They might look silly, but the names are meaningful. Wenlock is the English town which inspired the modern Olympic movement: they created their games to improve the health of the working class, who were so unfit they were dying of it. And Mandeville recalls the town that initiated paralympic competition.

That’s the Olympics in a nutshell: it highlights the extremes. The greatest of human ability; human folly; human virtue; human pride. When you’re watching, make sure you have both eyes open!

An Odd Number

Written by Anthony Douglas on Thursday, 21 June 2012.

During the week I saw a great film called The Way. Written and made by Emilio Estevez, it starred his father, Martin Sheen, playing a father whose son dies in an accident during a pilgrimage through France and northern Spain known as El Camino de Santiago. Sheen’s character decides to complete the journey, carrying his son’s ashes, as a kind of tribute to him. Along the way, he encounters a number of other travellers, all walking the Camino for different reasons, and the film explores their relationships as they travel along together.

Except that they’re not together. The point is made, over and over again, that this particular journey is intensely personal. Although initially a religious pilgrimage, it has become a choose-your-own-reason pilgrimage that is still somehow seen as highly spiritual.
The Way

What struck me as odd is the presumption that ‘spiritual’ necessarily means private, personal, and individual. When Jesus came to claim a whole new people for himself, ‘one’ seems somewhat contrary to his plans and therefore pretty unspiritual.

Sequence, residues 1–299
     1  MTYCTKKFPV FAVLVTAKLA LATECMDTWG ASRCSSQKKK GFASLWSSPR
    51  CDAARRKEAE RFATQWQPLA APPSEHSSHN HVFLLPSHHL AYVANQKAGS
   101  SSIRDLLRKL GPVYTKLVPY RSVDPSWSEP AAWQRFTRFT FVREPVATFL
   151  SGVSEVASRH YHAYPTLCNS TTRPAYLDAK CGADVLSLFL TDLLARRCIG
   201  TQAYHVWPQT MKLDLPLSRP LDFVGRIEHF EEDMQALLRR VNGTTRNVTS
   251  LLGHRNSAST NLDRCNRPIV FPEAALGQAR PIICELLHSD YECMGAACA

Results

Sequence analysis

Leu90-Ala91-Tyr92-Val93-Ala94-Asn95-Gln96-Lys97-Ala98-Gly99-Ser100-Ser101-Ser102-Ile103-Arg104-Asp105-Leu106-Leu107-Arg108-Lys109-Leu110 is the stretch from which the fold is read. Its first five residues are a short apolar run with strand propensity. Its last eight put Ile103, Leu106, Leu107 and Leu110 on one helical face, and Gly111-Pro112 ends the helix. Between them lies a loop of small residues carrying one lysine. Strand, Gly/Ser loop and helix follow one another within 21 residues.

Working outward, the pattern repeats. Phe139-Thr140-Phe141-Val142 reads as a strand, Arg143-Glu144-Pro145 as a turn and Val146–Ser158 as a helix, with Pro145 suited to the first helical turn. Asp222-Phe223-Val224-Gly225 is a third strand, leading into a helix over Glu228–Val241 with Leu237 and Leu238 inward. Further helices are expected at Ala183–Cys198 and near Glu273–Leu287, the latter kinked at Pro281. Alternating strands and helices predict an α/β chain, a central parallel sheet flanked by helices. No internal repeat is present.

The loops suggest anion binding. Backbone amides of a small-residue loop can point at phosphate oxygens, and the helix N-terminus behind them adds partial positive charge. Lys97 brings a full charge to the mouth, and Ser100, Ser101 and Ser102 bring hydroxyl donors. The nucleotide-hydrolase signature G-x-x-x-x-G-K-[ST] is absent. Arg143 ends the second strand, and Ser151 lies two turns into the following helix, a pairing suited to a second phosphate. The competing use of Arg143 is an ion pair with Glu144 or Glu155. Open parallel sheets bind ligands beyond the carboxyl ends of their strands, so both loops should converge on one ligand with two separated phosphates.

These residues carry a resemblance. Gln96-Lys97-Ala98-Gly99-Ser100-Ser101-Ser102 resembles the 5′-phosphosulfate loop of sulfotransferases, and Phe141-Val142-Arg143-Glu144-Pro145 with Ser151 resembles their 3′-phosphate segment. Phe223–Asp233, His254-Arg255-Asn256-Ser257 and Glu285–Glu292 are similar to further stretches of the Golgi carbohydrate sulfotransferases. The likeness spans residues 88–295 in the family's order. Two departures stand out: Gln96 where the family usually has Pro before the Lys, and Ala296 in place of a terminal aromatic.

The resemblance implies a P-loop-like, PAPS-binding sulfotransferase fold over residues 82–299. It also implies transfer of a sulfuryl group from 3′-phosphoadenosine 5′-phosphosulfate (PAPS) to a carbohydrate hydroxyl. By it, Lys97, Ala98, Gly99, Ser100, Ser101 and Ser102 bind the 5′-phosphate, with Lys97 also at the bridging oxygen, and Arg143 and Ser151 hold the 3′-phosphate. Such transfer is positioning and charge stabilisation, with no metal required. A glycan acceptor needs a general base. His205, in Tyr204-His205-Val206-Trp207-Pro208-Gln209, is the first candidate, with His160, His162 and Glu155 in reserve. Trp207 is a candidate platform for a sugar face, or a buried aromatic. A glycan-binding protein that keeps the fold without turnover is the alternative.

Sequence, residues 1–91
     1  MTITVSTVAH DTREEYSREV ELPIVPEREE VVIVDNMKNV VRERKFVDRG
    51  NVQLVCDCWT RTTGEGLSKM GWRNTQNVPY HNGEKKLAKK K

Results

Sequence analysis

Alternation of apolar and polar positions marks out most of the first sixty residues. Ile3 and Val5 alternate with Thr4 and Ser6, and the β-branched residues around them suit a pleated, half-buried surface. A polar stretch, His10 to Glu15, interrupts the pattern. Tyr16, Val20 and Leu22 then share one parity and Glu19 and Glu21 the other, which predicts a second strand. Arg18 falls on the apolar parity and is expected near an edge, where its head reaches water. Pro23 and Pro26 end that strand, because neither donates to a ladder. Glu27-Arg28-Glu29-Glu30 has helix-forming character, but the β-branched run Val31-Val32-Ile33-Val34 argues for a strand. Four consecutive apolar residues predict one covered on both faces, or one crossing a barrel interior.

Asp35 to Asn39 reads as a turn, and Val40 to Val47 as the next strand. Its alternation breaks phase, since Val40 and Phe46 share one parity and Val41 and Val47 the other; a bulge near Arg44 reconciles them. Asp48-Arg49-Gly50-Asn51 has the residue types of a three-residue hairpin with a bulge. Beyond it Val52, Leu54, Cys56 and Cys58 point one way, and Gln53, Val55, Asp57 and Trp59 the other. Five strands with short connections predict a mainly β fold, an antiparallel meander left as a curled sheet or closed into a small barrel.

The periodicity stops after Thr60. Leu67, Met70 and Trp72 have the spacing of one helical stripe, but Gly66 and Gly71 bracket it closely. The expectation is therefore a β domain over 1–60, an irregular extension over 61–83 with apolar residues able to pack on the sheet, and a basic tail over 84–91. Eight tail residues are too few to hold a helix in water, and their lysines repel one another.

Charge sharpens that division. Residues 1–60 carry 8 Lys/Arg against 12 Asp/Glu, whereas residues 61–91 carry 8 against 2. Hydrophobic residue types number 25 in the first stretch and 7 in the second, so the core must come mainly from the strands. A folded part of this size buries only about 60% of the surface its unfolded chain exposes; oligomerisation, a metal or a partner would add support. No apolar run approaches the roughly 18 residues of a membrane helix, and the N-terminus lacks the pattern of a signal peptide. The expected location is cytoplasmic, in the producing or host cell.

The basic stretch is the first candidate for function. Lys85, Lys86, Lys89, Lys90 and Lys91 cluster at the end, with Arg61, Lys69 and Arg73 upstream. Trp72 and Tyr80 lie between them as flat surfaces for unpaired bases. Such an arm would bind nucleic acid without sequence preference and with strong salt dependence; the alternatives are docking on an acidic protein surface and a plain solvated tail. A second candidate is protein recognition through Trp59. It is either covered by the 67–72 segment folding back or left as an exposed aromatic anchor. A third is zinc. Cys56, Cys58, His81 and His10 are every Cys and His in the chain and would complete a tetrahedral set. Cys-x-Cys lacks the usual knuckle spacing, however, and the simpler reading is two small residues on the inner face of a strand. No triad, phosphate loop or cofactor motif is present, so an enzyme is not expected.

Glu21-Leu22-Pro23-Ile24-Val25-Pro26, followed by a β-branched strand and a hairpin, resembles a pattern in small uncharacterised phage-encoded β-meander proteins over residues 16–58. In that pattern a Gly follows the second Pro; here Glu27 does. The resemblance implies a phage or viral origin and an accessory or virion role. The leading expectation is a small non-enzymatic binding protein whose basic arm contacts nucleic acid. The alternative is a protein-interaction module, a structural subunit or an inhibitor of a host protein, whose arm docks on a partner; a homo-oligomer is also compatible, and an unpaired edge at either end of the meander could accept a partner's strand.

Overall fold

That’s our society for you though: each of us endlessly obsessed with ourselves. And a great film, beautifully acted, superbly crafted, can still sadly numb us to the truth -  that ‘many nations will come and say, “Come, let us go up to the mountain of the LORD, to the house of the God of Jacob.”’

Where is the God of Justice?

Written by Anthony Douglas on Sunday, 17 June 2012.

chamberlain-creightonThe story of Azaria Chamberlain has been part of my entire life. This week, after a period of 31 years, that story finally came to a close. For decades, two bereaved parents have fought to clear their names of the most devastating slur - two parents who profess the name of Christ and claim to trust in a god who is just.

Over the many years that this tragedy has dragged on, it must have been hugely tempting for them to echo the whine of the people, as expressed in Malachi 2:17. As the rankest criminals have escaped prosecution and the most horrific crimes have gone unsolved, the Chamberlains would have had many opportunities to cry out, ‘Why me?!’ To their credit, it appears they have not, and their words are remarkably free of bitterness.

Lindy Chamberlain spent a number of years in jail, and would still be there, were it not for David Brett. He was an English tourist who fell to his death while climbing Uluru, and it was in the recovery of his body that by chance, police recovered a small matinee jacket that Azaria had been wearing at the time she was taken. It was the key to the exoneration of the Chamberlains.

One man died, so that justice could be done. I suspect the Chamberlains appreciate the symbolism.

Where is the God of justice? Look to the cross: there he is, dying in order that we might go free.